I am in the process of cleaning up our list, and while I have managed to improve openrate, clickrate, and revenue per subscriber, we are suffering from a high marked as spam rate.
However, these are coming from Yahoo and Hotmail accounts.
In the past 90 days, we have had 89 out of 49,139 emails marked as spam. However, of those 89, 61 are from Yahoo and Hotmail, who received 15,100 emails. That means around 30% of emails received 69% of our spam complaints.
Could there be a reason for this? I would blame it on single opt-in, but the rate is going up, not down, after turning double opt-in on.
I could also blame it on increased sending rate. However, I wrote a series of emails telling the subscribers how often I would send to them, so it is a predictable twice a week on average.
So, considering these spam complaints are coming from Yahoo and Hotmail over other emails by a huge amount, what could the problem be?
As an aside, gmail has the highest unsubscribe rate. I’m not fussed by a higher unsubscribe rate, as the product is for nail fungus, and once the user is cured, they’re not going to want to get our emails anymore, whether or not they bought our product.
Best answer by inboxingmaestroView original
While I can understand how frustrating deliverability issues could be, it’s important to understand why emails are going into the spam folder. What’s contributing more to emails landing into spam - content, list quality, frequency, or authentication issues?
Even after implementing double optin, your spam complaints are high, then it’s highly likely your content relevancy and frequency is not matching to your subscriber expectations. I’m not sure about the content you are sending, your list building methods, list composition (Gmail vs. Yahoo vs. Outlook) or any association with affiliate marketing practices recently or in the past or your business as a whole.
But, it’d be a good starting point if you follow a deliverability troubleshooting checklist recommended by Klaviyo here - https://help.klaviyo.com/hc/en-us/articles/12034571748251-Troubleshooting-why-emails-go-to-spam.
Also, I’d advise to monitor the Gmail Postmaster & Outlook SNDS report (if you’re a dedicated IP sender), to see your domain & IP reputation health.
Just FYI - Yahoo spam filters look for specific signals in emails such as a blacklisted IP, poor domain reputation, user complaints. If it finds any of these signals in emails, it’ll put them into recipients’ spam folders. As for Outlook (Microsoft), it’s a tricky one and challenging. However, following email best practices and ensuring better engagement and sending practices will help to improve deliverability.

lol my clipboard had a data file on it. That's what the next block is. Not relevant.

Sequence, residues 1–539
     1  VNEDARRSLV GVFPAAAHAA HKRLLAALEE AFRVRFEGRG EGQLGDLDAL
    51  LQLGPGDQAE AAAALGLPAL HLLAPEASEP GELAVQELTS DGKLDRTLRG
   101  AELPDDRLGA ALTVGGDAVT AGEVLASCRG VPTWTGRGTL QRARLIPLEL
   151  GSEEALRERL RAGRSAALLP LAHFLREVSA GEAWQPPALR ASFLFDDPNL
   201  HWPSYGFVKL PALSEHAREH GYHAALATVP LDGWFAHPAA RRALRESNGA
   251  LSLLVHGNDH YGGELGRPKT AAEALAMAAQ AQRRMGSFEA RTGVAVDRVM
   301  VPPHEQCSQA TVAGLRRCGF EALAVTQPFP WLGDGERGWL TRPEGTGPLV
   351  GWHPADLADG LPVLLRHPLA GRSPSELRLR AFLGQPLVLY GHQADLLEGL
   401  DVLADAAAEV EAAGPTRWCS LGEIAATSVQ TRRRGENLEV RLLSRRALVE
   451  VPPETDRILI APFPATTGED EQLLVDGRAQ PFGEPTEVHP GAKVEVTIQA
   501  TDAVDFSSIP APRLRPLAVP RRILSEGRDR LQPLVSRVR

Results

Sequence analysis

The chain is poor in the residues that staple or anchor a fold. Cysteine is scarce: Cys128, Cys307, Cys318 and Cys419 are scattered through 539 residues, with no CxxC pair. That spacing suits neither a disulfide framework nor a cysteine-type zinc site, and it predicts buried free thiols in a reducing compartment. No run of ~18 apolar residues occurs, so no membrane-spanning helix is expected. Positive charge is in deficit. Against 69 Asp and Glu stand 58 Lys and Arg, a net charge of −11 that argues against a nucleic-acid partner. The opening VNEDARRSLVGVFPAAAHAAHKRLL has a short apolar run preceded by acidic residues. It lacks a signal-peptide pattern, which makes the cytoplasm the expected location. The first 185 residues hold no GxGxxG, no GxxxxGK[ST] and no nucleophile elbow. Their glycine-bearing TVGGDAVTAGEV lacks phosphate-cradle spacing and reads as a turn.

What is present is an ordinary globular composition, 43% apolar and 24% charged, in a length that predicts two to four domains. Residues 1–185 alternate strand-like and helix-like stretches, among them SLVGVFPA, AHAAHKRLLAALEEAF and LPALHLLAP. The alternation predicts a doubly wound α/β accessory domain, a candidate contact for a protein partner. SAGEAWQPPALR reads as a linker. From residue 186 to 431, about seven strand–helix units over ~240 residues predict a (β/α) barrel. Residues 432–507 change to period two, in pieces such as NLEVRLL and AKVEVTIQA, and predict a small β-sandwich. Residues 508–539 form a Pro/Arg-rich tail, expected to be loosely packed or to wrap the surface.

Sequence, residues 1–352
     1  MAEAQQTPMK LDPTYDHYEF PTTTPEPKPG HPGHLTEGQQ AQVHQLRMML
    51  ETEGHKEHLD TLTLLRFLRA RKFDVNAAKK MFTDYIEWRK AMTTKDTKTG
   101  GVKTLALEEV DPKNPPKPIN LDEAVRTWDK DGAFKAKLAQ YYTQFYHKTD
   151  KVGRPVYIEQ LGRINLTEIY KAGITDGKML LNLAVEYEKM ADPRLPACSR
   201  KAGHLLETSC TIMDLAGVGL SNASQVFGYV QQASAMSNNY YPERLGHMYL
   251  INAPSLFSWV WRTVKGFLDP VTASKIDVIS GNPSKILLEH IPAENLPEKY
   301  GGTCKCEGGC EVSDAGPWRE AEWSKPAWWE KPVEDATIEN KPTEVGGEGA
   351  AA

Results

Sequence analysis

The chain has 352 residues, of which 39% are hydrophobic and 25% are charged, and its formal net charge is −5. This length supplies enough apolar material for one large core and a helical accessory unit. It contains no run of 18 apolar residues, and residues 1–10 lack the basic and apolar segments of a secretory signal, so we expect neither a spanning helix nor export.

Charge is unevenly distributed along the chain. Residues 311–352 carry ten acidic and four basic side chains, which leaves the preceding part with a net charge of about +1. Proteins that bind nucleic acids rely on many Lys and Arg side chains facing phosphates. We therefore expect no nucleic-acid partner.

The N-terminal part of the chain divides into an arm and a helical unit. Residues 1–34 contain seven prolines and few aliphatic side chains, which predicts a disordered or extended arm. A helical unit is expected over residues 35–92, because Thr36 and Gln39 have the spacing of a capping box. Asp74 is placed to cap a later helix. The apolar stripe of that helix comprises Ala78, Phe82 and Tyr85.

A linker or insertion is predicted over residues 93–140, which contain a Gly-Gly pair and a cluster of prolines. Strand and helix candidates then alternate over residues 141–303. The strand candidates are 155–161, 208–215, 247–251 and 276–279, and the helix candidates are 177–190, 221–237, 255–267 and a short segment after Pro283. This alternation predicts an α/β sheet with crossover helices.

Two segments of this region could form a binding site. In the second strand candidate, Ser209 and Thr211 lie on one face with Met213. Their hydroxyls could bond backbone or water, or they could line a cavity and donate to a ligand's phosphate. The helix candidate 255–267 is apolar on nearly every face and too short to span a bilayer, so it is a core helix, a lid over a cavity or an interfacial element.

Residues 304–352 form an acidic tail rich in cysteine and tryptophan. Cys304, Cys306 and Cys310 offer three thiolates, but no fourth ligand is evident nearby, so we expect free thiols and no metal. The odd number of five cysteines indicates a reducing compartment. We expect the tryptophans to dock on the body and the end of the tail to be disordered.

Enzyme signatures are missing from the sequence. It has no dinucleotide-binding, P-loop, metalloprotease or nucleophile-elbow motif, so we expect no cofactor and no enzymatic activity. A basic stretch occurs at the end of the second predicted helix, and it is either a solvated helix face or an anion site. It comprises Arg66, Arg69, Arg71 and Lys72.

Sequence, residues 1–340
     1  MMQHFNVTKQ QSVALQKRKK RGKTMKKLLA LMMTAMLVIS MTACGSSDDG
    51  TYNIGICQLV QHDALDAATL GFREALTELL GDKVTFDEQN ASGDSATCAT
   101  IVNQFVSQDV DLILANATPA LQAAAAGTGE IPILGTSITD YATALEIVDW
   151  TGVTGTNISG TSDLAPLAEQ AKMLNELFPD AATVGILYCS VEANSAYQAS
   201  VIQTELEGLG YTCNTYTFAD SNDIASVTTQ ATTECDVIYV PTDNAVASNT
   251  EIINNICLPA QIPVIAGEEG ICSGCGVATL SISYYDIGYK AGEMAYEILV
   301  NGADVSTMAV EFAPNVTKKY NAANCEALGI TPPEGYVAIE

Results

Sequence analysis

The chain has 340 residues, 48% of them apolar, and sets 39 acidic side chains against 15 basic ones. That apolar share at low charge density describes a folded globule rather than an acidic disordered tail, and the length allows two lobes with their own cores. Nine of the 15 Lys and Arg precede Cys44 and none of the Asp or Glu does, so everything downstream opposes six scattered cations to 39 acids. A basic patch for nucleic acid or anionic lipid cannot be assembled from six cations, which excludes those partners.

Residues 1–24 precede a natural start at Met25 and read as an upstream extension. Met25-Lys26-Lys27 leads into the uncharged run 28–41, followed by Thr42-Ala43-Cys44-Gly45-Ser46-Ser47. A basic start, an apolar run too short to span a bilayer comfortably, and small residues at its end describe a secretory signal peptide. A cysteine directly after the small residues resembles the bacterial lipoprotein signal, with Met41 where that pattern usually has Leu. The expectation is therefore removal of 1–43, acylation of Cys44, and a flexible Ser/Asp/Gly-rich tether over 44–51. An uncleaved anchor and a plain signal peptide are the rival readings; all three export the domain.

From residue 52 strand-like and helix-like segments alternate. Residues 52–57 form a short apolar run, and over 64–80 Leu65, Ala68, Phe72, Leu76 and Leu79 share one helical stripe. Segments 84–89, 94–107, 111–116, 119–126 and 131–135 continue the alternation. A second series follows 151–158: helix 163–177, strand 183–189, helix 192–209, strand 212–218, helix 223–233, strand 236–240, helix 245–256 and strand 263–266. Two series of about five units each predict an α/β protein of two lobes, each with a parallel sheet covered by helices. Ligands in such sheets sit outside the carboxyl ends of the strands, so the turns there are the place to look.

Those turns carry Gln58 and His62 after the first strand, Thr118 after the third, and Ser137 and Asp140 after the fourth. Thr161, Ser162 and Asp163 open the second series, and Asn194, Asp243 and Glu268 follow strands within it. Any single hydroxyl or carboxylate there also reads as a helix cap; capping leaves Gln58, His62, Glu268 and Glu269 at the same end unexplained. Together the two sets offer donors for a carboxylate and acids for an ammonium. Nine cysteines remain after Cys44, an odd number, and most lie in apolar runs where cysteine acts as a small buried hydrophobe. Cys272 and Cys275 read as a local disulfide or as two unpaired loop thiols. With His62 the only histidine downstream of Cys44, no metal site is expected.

Let me know if you have any questions.
P.S: Get your email programs audited by a deliverability consultant who can help you see what’s causing the issue across all ISPs and how to fix that. I’d be happy to talk further if you’d like to fix your deliverability issues. Check out
@inboxingmaestro for more details.
I am taking every step to try and make our content relevant and useful, and not just promotion spam. I would go first toward content and making sure we were bulletproof, but considering the split between email providers, I thought there might be something else.
I’m talking “marked as spam”, though. I mean, users specifically marking as spam. I thought that adding double opt in would help here, but it hasn’t. And the spam rare for gmail is fine. It’s literally just crazy high rates for Yahoo and Hotmail. And that’s what I’m not understanding.
I’m interested in if anyone else has seen this? If there’s anything that I can change to specifically impact marked as spam rates for yahoo and hotmail, or if this is just a freak thing.
Thanks for the response. Couple of followup questions -
P.S: Like I’ve said it earlier, an audit would be a first step to identify what’s happening with yoru email programs and be really helpful to fix your deliverability issues. Happy to connect and talk further.
I took over the list at the end of January. I segmented down to 30 day engaged, etc., then realized I had some deliverability issues with gmail, so excluded them and started to send to very highly engaged, highly engaged, etc., for gmail.
I am sending to the list 2 times a week, Tuesday and Thursday. Once a month we have a campaign, most recently for St. Patrick’s Day, where there will be emails sent on other days.
I am getting poor openrates for 60 day+ engaged segments. They decreased quickly and considerably, I feel because nearly all of the potential contacts entered the 30 day engaged segment. Openrates for 30 day segment are 50-60%.
Openrate for the last 90 day segment I sent to was 6.3%. I have not sent outside 30 day since.
Marked as spam rates are across all segments, but as seen in the screenshot, it’s very much skewed toward yahoo and hotmail.
Thank you for the help, I’m just traveling, so I will send you a test email of today’s campaign as soon as I’m home.
Thanks for sharing this, Tom! Please respond to my above few questions that are unanswered that’ll help connect the dots basis whatever limited information that you have shared, if that makes sense.
Nevertheless, it looks like deliverability issues across all the top tier ISPs - Gmail, Yahoo & Outlook domains, since you had some issues at Gmail in the past.
Also, as you have mentioned, that you had single opt-in method of list building and now you have moved to COI list building method, it looks like SOI opt-in data is very probably the culprit here for increased spam complaints and deliverability issues. May be you also need to look at your subscription practices and identify if signups are actually real signups (and not bots).
Couple of thoughts from my end: